The ever-present effect of memory and how it shapes the present is a key theme in this play with homeowner Joe living a half-life in his 1983-set home. Due to a double family tragedy years before, Joe is now entirely alone apart from his beloved dog, his sole companion and comfort. We learn that generations of his family once owned a profitable dairy farm in the area, a trade his father insisted would be lucrative as long as people wanted milk and cheese, yet the whole plot was sold long ago and during his guardianship for reasons that remain obscured.

But Bradshaw and Miller never present Joe as deliberately mysterious or suspicious, he is instead a man wrapped in grief for all the things he has lost, a man who once had everything but now can only go on living in the Chekhovian sense with no hope or thought of a different kind of future. Joe is a character whose life has stopped in any meaningful way, the last of his name with little to show for his efforts who is couched in the painful but comforting memories of a happier past.

Again none of this is overtly designed and it is a really interesting way to present a character, a man who just ‘is’, who welcomes a bedraggled stranger in from the rain, offering them shelter and company. That Joe’s remote and dilapidated home becomes a symbol of the man is thoughtfully achieved; filled with stuff piled haphazardly around the room which Joe barely sees and has never sorted through, and using the steady drips of rain collecting in strategically placed buckets along with the precarious fragility of the structure as the storm rages, we see that Joe too has hidden depths of feeling and experience as the events of the play chip away at his equally brittle facade. The crumbling house is a strong metaphor for what is to come as the arrival of Lucy slowly creates cracks through which Joe’s character and the circumstances of his life come more clearly into focus.

Lucy is a complete contrast in many ways, an innocent arriving with tales of a broken down car, an all-American girl who couldn’t be more stereotypically perfect (for the 1983 setting) – a sweet-mannered young wife, devoted to unseen husband Mitch, baking pies and speaking with a wide-eyed wonder about the world they have experienced beyond Texas include the glamour of a honeymoon trip to the Poconos with a heart-shaped bath tub and a round bed. Lucy speaks with animation about the cinematic romance of it, her one chance to almost live like the people in the magazines she loves to read.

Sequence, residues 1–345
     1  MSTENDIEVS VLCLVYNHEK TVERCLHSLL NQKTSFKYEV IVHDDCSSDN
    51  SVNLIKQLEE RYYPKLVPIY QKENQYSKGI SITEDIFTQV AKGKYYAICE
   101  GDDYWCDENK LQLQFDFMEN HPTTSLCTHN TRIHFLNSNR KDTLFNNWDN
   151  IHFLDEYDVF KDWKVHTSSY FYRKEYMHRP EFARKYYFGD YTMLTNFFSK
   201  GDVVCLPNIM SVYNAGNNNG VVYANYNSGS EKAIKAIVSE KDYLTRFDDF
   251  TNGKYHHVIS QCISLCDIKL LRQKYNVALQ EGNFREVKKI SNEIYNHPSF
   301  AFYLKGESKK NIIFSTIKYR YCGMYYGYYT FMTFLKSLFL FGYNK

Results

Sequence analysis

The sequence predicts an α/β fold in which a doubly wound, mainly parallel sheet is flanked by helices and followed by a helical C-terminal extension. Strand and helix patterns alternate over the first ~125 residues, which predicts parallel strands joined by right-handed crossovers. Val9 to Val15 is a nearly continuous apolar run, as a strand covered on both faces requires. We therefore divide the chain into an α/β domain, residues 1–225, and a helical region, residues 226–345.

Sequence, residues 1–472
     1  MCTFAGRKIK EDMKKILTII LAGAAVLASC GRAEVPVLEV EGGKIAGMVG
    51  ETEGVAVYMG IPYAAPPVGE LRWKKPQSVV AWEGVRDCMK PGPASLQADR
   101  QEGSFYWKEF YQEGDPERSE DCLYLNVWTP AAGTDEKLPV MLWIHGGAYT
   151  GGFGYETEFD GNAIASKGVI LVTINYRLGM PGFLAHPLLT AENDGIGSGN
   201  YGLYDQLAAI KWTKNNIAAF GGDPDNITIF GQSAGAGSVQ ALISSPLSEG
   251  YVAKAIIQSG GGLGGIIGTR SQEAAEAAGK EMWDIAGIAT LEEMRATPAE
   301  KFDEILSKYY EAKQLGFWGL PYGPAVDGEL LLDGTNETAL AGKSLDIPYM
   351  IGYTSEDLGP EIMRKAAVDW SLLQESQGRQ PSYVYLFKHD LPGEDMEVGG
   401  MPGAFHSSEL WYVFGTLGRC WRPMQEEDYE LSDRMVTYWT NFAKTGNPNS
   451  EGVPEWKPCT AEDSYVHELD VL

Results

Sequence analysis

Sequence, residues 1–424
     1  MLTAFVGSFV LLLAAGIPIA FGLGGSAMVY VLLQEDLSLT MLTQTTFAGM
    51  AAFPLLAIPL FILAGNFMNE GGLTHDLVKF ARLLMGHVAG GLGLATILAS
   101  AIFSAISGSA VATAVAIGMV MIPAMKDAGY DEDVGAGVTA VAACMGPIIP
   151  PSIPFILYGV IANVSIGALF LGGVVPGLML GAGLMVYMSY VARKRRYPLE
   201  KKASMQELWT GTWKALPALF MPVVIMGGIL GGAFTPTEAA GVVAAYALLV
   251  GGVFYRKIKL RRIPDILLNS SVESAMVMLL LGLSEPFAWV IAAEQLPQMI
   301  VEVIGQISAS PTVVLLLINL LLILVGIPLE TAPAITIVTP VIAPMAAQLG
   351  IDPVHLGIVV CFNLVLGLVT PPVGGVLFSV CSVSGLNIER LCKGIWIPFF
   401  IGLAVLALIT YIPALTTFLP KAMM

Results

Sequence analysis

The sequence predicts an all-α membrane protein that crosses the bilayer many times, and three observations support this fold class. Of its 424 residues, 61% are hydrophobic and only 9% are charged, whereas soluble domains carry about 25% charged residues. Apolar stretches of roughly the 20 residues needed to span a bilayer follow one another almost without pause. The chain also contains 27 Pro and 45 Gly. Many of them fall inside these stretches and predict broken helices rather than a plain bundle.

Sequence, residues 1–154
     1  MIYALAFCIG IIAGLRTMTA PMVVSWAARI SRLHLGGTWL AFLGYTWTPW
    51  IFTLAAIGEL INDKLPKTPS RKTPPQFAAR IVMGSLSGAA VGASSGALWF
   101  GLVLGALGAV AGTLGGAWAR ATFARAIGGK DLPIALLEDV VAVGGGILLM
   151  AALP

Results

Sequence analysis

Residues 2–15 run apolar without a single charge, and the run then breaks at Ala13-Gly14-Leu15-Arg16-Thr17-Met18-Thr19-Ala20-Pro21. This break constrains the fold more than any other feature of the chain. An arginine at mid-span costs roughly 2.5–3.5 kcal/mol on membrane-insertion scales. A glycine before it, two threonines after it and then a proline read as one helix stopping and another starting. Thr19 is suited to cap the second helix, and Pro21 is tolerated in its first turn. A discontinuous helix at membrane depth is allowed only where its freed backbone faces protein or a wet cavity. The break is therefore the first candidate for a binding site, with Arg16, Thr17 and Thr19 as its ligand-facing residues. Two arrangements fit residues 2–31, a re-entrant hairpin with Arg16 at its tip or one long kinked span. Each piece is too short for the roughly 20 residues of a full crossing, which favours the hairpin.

That Lucy is not all she seems will be no surprise – a fundamental principle of the thriller being that no one is – but Bradshaw and Miller take their time with this character, letting her win over the audience just as she does with Joe as she chatters about her life, dominating the dialogue in Act One as she ingratiates herself into his home and tries to help him with some of the domestic activities like feeding the dog and emptying the overflowing buckets.

The first, very subtle, hint given that Lucy has a quite different agenda happens over several games of cards which the characters play for many minutes while talking about other things. Joe easily wins the first few hands and while the writers draw no particular attention to it, the game doesn’t end until Lucy wins, pleased to have distracted Joe sufficiently to present an indisputable winning hand – finely drawn though this small event is, Lucy’s need to beat her competitor is a notable character trait, essential to the play’s conclusion and the increasingly pugilistic nature of their interaction.

The ability to write sharply taut and semi-loaded dialogue disguised as casual conversation is something that Bradshaw and Miller do extremely well, holding the audience’s attention throughout the drama and only a second viewing, with the knowledge of its conclusion, will reveal the many layers they build through the play’s structure from the start. Especially engaging is how well the tone shifts between Lucy and Joe, fueled by increased familiarity and drink – as the night wears on, Lucy becomes emboldened, challenging her interlocutor directly and taking time to let him unravel.

As the power shifts between them, who is in control of the conversation becomes important with Joe providing hospitality and bare essential facts in Act One as Lucy talks openly, while across Act Two, Lucy waits for her moment as she becomes more accusatory, more judgmental as Joe descends into inebriated defensiveness. Its cat and mouse stuff of course but so well shaped, so rich and almost camouflaged by Bradshaw and Miller that just who is the pursuer and who the victim remains ambiguous for some time.